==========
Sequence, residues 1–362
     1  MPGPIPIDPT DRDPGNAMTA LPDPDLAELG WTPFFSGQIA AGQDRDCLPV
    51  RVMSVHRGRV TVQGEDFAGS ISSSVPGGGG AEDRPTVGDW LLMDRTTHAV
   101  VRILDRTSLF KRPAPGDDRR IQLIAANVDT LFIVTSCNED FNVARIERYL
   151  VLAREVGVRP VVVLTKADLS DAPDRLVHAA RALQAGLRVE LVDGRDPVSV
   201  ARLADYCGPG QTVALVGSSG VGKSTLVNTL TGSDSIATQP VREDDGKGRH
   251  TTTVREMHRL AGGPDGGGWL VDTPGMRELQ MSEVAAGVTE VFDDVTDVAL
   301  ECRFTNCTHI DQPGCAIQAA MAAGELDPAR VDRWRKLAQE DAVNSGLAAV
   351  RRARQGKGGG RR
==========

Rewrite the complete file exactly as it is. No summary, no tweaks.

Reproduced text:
Sequence, residues 1–362
     1  MPGPIPIDPT DRDPGNAMTA LPDPDLAELG WTPFFSGQIA AGQDRDCLPV
    51  RVMSVHRGRV TVQGEDFAGS ISSSVPGGGG AEDRPTVGDW LLMDRTTHAV
   101  VRILDRTSLF KRPAPGDDRR IQLIAANVDT LFIVTSCNED FNVARIERYL
   151  VLAREVGVRP VVVLTKADLS DAPDRLVHAA RALQAGLRVE LVDGRDPVSV
   201  ARLADYCGPG QTVALVGSSG VGKSTLVNTL TGSDSIATQP VREDDGKGRH
   251  TTTVREMHRL AGGPDGGGWL VDTPGMRELQ MSEVAAGVTE VFDDVTDVAL
   301  ECRFTNCTHI DQPGCAIQAA MAAGELDPAR VDRWRKLAQE DAVNSGLAAV
   351  RRARQGKGGG RR